• Anthony Sayer says:

      A distinguished musician? I’d rather reserve that term for the likes of Backhaus, Toscanini, Barenboim, Callas, Oistrakh etc

      Given her age, how about ‘a promising talent’?

  • Alma Regina says:

    I think, she did just the right thing! Concertmaster of La Monnaie is a far better job than tutti RCO (that did not seem to value this exceptionally good and young, ambitious member anyway) I think its great she spoke out about it, its important for other aspiring candidates to find out about the different policies that orchestras have. It is always hard to try to make the “right” choice especially when musicians have such unflexible workconditions – from age 35, you can’t change workplace anymore, you are then stuck in the same orchestra until retirement because you do not get audition invitation anymore! (I would actually call this age-discrimination and should not be permitted!)

    • Anthony Sayer says:

      Yes, she made the right decision for her and the RCO, despite being very accommodating at the beginning, made the right decision for them.

  • Axl says:

    Despite that I’m a passionated fan of (top)orchestra jobs – I can still understand her a little bit because life change and humans changes.
    But still I think that if musician X is more soloist or freelance type player – he/she should not take auditions to permanet orchestra positions because they are always not the most easiest jobs to fill like e.g. nurses.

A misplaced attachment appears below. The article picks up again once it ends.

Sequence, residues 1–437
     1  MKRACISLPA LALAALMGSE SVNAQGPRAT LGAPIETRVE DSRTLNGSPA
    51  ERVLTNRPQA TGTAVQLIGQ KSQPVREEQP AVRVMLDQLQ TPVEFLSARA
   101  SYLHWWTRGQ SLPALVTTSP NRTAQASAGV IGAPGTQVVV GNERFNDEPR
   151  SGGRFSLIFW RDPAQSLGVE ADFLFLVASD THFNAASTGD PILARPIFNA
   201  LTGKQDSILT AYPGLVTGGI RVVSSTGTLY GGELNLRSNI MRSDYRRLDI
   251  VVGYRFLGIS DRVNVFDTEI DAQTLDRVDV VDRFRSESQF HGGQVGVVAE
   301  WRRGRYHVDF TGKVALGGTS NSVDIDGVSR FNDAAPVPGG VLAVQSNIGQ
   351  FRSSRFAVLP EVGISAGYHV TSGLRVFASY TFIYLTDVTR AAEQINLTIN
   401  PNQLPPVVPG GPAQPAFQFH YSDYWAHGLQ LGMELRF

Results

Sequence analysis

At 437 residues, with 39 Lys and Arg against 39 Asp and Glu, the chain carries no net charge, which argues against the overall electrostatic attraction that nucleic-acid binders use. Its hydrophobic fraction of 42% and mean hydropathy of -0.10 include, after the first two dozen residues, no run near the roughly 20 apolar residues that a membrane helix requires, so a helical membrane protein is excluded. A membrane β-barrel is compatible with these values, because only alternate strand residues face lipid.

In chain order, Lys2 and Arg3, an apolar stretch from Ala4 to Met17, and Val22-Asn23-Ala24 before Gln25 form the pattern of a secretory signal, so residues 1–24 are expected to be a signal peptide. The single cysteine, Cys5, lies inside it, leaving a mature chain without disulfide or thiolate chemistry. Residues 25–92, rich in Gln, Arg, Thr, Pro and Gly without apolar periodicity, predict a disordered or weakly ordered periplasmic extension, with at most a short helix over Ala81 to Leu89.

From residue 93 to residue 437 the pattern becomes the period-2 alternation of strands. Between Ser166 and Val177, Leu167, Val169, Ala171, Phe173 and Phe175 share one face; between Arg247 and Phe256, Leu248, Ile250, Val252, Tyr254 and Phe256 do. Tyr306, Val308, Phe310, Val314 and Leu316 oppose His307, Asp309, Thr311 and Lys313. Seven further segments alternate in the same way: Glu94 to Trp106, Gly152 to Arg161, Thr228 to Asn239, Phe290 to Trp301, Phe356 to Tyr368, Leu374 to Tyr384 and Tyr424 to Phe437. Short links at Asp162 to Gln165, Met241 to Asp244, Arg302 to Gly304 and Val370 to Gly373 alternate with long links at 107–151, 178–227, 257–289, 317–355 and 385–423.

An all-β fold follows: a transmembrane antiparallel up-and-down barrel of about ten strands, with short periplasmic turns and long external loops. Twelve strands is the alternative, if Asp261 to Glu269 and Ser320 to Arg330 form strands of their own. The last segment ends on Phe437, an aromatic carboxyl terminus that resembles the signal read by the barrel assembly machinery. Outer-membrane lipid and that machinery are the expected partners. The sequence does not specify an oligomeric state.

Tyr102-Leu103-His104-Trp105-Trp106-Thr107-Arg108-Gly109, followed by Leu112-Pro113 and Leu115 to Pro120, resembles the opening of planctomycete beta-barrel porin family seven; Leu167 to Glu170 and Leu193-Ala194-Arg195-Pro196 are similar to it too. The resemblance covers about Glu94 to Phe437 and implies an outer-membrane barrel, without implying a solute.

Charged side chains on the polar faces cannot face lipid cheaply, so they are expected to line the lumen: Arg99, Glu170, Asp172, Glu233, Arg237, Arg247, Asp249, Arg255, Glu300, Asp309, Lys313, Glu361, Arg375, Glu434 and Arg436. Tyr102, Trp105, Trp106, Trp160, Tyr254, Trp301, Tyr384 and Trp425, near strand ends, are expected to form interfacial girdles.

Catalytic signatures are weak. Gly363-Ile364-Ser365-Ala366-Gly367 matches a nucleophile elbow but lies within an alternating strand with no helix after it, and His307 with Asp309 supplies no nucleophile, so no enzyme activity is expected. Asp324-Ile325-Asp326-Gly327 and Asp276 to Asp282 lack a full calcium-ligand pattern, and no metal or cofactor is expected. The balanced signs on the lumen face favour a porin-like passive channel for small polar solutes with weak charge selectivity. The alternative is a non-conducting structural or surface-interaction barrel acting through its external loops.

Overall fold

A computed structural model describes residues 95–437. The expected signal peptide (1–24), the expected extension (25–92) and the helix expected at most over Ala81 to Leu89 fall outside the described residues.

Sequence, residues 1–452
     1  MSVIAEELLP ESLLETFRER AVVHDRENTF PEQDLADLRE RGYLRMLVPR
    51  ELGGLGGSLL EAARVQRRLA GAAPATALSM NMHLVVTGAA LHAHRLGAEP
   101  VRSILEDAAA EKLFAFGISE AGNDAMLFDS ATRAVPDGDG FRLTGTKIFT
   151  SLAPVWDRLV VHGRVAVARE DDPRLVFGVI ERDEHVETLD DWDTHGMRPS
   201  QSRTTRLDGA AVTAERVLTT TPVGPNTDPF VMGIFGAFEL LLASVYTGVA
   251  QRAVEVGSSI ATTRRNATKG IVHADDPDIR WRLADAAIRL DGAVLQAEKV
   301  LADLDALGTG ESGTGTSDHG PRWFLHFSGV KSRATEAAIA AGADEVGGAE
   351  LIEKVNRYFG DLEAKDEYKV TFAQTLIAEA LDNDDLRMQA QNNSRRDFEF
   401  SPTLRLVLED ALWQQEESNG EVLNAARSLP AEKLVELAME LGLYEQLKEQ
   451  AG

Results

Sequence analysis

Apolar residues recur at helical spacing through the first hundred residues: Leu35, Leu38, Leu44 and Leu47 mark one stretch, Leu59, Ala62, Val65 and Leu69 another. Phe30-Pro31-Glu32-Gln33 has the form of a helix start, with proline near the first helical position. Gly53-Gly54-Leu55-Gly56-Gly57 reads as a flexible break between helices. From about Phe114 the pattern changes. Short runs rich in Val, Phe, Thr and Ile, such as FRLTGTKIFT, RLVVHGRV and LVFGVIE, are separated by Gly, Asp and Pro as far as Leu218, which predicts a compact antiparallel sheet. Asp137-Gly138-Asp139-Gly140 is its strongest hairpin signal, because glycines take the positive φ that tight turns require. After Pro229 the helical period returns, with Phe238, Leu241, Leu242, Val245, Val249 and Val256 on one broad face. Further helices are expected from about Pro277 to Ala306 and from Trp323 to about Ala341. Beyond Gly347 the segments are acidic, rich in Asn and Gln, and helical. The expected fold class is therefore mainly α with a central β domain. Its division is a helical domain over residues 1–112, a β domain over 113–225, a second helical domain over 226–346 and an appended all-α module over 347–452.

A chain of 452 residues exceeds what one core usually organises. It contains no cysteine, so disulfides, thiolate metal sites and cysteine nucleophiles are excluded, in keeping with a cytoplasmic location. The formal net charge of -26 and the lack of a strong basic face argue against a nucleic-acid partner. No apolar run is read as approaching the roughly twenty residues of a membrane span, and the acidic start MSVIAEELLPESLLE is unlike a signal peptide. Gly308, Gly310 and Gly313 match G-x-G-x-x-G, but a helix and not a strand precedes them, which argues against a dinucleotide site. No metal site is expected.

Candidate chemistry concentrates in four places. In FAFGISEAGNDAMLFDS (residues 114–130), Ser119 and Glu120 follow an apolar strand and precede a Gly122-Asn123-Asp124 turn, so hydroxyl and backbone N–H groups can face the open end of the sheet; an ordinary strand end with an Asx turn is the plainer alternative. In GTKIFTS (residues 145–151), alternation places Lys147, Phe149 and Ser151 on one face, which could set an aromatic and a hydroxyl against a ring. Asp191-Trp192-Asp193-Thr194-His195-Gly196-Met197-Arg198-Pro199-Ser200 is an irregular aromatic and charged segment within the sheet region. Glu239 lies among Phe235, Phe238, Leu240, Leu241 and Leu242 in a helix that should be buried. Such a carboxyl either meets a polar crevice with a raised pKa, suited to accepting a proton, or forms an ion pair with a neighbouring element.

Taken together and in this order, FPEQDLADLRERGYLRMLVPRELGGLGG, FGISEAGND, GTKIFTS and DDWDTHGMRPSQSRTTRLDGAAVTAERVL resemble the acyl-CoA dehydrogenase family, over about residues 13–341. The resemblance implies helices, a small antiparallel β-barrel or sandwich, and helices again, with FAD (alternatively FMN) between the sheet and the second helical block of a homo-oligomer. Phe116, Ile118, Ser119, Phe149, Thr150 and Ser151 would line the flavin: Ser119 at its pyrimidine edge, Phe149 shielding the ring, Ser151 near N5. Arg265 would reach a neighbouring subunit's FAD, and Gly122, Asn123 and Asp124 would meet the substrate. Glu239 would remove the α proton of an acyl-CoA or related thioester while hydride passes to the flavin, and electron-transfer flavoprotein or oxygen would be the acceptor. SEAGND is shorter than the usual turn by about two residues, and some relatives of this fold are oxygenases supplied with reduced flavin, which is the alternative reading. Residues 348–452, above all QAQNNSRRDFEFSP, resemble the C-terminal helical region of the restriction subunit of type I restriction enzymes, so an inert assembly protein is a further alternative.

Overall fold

Especially in principal horn or principal viola jobs which are the most difficult orchestra positions to fill – they need 110 % orchestra type players who really want to be in that posts.
    But wishing best to Ms. Huang and hopely she made the right decision and will be happy!

  • David K. Nelson says:

    At the risk of seeming to pile on, the seeds of this young artist’s illogic are contained in her initial comments. “It is of course a fantastic orchestra, everything is luxurious…”

    Exactly. And as George Szell insisted, the way you get to be such an elite orchestra is to have a string section that learns to perform together, to think and breath as one, with the instincts and selflessness of chamber music artists. It’s rare. And once you have it, you don’t want to screw it up.

    NOT in other words a pick-up group with a random and rotating list of freelancers and their substitutes, even if all are superbly equipped. If the entire RCO violin section members were to be given the privileges she seeks, I am sure enough could take advantage of the opportunities that the consequences would quickly become evident.

    Somewhere in some interview, or perhaps in some rehearsal tirade caught on tape, Leonard Bernstein observed that a symphony job “is not a gig.” Dropping in whenever you don’t have a solo or recital engagement makes it a gig.

  • MacroV says:

    It seems most European orchestras are more accommodating of part-time (half-time?) players. At least principals generally play half time, section players perhaps a bit more. Watching the Berlin Phil regularly it’s clear there’s regular rotation even in the string sections (and liberal use of Academy players), but I haven’t figured out what percentage of time a typical section player works.

    But I wouldn’t want them to go as far as the London orchestras; every time I see the LSO on video it seems to be a completely different orchestra.

    In the case of Ms. Huang, a pity it didn’t work out at the Concertgebouw but CM in a major opera orchestra seems like a step up.

  • Nelson says:

    It’s amazing to see how many “experts” there are here on how orchestras are run, and what is required/expected of their members. A little less wild, uninformed speculation, and a LOT more actual knowledge would go a long way here. Why don’t a few of you write to the personnel managers of some major orchestras and try to find out how it actually works??